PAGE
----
“Enhanced transparency on how these deals come together, on the interests of the parties involved, on who’s getting paid and who’s getting paid what.” This was how Jennifer Choi, managing director, industry affairs, at the Institutional Limited Partners Association summed up the objectives of the guidelines on GP-led secondaries deals, released on Thursday.
The document provides clarity on several key issues, around the definition of status quo, the role of the LPAC and on the appropriate amount of time that LPs should be given to make a decision, all of which is covered in our coverage here.
The early response has been positive. One Nordic LP told Secondaries Investor that the next time a GP-led deal crossed his desk, he would “definitely” consult the guidance, adding: “ILPA did a good job with their credit lines guidance a couple of years back.”
Paul Cohn, former secondaries head at Fort Washington Investment Advisors and now an independent investor, said the guidelines provided a “roadmap” that could bring hesitant LPs around to the benefits of GP-led deals, helping further develop the market.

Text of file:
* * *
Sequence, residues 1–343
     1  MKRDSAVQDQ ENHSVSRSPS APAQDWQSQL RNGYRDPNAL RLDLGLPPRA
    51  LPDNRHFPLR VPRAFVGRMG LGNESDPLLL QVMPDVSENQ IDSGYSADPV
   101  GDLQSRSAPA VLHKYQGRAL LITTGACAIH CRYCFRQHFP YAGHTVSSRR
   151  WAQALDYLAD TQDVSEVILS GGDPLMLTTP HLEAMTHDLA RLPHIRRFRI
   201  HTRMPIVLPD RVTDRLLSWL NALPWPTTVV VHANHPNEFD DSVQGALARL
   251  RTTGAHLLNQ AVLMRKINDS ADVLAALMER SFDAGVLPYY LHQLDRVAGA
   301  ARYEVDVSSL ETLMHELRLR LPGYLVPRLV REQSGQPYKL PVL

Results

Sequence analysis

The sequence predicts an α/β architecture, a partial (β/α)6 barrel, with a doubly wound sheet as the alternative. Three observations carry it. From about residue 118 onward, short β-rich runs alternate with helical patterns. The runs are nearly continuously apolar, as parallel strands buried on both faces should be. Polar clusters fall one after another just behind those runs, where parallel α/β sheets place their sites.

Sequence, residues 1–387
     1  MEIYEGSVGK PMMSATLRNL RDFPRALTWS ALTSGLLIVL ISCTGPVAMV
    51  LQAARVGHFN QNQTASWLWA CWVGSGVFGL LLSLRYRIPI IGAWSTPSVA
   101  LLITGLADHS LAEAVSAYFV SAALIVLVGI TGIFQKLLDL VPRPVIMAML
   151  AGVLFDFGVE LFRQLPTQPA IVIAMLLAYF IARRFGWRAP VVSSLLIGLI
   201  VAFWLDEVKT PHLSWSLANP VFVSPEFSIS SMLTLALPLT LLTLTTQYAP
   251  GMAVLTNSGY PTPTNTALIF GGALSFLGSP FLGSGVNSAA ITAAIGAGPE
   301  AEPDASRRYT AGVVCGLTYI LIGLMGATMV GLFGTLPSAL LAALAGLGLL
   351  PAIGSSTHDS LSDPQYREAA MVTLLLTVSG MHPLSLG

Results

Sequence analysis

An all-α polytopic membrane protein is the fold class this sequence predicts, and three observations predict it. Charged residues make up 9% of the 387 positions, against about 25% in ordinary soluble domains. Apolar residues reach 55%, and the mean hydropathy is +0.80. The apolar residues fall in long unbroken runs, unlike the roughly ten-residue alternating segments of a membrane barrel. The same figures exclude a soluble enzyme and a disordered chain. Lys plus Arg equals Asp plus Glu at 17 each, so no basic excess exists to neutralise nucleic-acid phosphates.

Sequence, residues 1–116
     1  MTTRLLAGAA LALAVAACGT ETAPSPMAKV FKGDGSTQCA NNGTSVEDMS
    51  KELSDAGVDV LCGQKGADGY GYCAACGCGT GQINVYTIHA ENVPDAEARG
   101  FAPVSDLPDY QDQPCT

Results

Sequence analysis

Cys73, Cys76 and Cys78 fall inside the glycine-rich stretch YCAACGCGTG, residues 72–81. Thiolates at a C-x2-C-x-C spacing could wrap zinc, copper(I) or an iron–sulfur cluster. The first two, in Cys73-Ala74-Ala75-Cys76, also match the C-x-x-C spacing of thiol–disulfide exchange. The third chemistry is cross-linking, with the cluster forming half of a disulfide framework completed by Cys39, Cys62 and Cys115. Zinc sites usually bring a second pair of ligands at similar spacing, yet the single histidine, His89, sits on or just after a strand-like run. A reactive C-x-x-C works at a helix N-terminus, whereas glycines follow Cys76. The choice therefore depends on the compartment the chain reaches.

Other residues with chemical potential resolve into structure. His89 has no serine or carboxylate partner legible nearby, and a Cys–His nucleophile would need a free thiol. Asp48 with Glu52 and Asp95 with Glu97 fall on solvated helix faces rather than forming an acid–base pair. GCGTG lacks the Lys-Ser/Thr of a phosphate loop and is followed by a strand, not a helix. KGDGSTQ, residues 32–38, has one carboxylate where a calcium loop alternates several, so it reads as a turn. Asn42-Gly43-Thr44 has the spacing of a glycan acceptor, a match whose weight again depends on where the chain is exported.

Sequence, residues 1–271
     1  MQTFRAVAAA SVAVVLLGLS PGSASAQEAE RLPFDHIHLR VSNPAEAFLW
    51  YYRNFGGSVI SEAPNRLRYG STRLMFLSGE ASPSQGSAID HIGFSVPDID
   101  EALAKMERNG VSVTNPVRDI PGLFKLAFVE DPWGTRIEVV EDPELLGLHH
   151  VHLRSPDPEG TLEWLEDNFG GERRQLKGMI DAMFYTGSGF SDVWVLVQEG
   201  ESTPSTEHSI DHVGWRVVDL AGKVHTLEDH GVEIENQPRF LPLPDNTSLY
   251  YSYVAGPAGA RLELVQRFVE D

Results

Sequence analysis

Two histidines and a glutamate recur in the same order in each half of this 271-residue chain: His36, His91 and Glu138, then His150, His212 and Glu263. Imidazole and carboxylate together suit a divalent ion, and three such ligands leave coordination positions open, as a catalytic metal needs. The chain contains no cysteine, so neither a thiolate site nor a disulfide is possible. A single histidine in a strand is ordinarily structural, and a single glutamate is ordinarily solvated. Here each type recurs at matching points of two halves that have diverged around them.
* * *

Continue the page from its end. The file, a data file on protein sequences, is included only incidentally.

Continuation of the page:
But the guidelines are equally, if not more important, to GPs. Most LPs, particularly the larger ones, have by now encountered several GP-led deals and real-world experience of how to deal with them. For many GPs, the process they initiate on their own fund will be the first they have ever encountered.
Complex secondaries deals shine a bright, sometimes harsh, light on the LP-GP relationship. The failure to inform LPs that a GP-led deal is taking place, to identify and immediately deal with potential conflicts of interest, the inability to explain why a deal is beneficial for LPs and not just an economic boon for the manager. These mis-steps can cause real reputational damage, potentially hurting GPs’ ability to raise capital in the future.
Poor execution is also a turn-off for secondaries buyers. “In a GP-led, if there’s no process, we won’t do it,” says the London-based investment head at a dedicated secondaries buyer. “If you don’t do the right thing, LPs are not stupid. If they’re engaged in a process they think isn’t run properly, they’re definitely not going to sell.”
ILPA may have produced these guidelines for its own membership but their impact will resonate beyond.
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